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Time to get tough with China, save New York's auto jobs

They still don't get it. Every four years, presidential candidates pledge allegiance to American manufacturing and profess a love for "Made in America." But when the going gets tough, no presidential candidate can match this rhetoric with action. In a state where manufacturing still provides good jobs, that's just unacceptable, especially since we now know that more than 58,000 jobs in the New York auto parts sector are at risk due to China's cheating.

New York is an important part of the motor vehicle industry supply chain. And because auto parts are such a key segment of the state's economy, New York voters need to know some facts before they head to the polls. The truth is, the auto sector is just getting back on its feet after a near-death experience. We now see auto assembly factories humming again.

But the real auto employment -- where 75 percent of the jobs exist -- is in the auto parts sector. These are the factories large and small that produce aluminum wheels, brake pads and the thousands of other parts that go into making an automobile. This sector is under attack from China. We've seen imports of Chinese auto parts surge by 25 percent in each of the past two years. We've seen our trade deficit in auto parts with China grow nearly 900 percent in just 10 years. Yet no other major auto-producing nation -- Germany, Japan or South Korea -- has such a trade imbalance; in fact, those nations export more to China than they import.

China is not penetrating our market the old-fashioned way, by outcompeting us. Instead, Beijing has pumped $27 billion of subsidies into its auto parts sector, with an additional $10 billion planned. And, through policies that have been documented in great detail by our own government and outside investigators, China blocks our exports of autos and auto parts while favoring its own industry, in direct violation of the commitments it made to free markets when it joined the World Trade Organization.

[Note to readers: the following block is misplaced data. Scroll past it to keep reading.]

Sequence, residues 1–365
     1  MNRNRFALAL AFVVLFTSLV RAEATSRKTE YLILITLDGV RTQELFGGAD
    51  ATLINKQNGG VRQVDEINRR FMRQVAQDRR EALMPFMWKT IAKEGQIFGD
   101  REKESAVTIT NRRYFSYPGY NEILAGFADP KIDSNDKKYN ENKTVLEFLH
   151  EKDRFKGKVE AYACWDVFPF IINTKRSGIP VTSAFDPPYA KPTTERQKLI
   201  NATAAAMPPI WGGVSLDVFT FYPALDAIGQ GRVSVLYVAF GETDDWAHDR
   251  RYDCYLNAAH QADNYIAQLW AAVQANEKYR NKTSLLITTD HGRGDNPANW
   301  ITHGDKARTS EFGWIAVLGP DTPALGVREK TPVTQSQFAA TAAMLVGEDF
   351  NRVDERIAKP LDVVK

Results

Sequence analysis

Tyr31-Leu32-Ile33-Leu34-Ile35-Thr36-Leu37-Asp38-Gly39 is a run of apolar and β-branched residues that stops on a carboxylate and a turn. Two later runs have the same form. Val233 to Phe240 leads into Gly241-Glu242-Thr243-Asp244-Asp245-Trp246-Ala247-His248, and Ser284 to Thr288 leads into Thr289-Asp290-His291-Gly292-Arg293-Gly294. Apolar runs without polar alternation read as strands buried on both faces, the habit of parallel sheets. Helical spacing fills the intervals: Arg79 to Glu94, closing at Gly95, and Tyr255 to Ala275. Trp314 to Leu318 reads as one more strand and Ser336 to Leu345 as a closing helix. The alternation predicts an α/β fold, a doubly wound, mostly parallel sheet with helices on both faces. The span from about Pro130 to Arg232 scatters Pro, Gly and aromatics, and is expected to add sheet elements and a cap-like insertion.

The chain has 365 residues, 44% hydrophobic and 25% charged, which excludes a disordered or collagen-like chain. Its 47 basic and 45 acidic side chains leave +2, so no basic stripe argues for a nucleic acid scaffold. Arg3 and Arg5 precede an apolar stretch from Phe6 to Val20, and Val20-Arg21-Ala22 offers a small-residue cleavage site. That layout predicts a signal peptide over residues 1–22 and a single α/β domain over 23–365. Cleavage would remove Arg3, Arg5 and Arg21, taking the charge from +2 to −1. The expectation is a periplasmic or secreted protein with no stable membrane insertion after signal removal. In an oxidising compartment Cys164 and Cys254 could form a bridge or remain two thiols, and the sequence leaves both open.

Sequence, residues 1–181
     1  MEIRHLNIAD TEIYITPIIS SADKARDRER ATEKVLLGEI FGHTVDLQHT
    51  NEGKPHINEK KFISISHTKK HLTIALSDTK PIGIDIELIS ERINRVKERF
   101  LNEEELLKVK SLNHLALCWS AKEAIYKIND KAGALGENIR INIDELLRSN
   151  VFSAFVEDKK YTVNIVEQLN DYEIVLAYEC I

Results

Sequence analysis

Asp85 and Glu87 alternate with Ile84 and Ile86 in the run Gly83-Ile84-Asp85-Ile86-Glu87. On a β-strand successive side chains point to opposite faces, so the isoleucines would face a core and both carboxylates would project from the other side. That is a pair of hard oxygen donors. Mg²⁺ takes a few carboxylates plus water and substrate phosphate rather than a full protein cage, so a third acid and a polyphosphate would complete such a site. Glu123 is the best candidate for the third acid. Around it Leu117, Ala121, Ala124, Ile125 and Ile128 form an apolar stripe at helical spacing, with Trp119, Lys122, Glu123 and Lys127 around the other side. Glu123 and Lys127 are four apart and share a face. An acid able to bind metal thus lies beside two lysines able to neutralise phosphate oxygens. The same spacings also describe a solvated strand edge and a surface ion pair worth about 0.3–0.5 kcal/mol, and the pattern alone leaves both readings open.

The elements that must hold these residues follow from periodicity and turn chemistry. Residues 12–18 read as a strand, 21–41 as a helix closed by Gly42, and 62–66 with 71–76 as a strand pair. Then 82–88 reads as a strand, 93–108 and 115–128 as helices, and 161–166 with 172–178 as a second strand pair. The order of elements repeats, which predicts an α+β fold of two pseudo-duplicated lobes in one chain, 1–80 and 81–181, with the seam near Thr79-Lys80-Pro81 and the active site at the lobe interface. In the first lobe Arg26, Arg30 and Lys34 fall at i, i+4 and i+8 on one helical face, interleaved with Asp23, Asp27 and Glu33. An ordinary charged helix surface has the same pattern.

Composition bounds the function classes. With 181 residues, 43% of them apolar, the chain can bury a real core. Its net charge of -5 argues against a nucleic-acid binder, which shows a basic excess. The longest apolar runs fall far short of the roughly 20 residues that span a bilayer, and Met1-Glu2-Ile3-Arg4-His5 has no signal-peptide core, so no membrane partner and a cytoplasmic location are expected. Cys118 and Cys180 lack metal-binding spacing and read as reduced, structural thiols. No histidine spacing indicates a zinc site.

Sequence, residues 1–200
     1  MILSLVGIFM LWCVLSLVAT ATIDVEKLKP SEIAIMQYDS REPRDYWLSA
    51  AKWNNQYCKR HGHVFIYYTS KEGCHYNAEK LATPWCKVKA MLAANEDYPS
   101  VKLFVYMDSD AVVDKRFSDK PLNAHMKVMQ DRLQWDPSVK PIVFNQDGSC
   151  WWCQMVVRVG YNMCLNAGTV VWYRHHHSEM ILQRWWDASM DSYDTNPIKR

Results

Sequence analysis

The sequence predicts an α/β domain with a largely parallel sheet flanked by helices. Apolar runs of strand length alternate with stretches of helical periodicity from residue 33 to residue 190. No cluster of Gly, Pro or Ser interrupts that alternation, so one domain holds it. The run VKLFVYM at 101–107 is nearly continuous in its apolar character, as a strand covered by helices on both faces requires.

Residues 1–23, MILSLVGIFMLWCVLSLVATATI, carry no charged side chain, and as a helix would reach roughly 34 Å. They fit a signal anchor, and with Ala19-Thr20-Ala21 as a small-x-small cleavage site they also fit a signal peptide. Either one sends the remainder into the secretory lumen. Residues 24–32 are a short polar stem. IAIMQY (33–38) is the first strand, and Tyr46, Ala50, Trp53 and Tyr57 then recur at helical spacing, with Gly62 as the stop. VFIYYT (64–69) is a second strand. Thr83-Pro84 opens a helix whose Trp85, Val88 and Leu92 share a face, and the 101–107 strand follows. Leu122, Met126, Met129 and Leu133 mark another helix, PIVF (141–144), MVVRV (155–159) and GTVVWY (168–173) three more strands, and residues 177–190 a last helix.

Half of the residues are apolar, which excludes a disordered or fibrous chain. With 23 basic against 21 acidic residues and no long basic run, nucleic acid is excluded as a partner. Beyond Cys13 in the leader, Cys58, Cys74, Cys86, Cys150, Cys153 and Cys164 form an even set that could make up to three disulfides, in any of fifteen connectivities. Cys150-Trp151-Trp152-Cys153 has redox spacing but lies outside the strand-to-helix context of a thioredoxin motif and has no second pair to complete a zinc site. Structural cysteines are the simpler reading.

Auto parts jobs traditionally grow at a faster pace than assembly jobs, but since 2009, the opposite has been true. And that's because Chinese imports have begun surging into our market.

The threat to auto parts jobs has become so alarming that a bipartisan group of 188 U.S. senators and representatives, including, from New York, 20 representatives and Sens. Charles E. Schumer and Kirsten E. Gillibrand, recently sent a letter to President Obama expressing "serious concern" about China's massive subsidies. Their letter urges the president to "use all existing authority under the law to preserve and protect U.S. production and jobs."

These senators and representatives are right to press the president for action. Our trade laws exist for a reason -- to ensure a level playing field for American workers and businesses. But who can we count on to act?

While Mitt Romney talks a tough game against China on its undervalued currency, he opposed relief for tire workers in America when the industry faced surges of Chinese imports. Even Obama, who has approved some trade sanctions on China in tires and other sectors, hasn't fully delivered on his promises to get tough, refusing six times to designate China as a currency manipulator, which it most certainly is.

Yet this issue can transcend politics. Last fall, a strongly bipartisan majority, including Schumer and Gillibrand, supported Senate legislation to deter China from manipulating its currency.

I hope each of the candidates will stand up and say he will defend America's auto parts workers and businesses. As president, he can initiate a trade action against China to stop its auto parts subsidies, open its market and grow jobs in New York. More than 58,000 jobs in New York depend on it.


Scott Paul is executive director of the Alliance for American Manufacturing.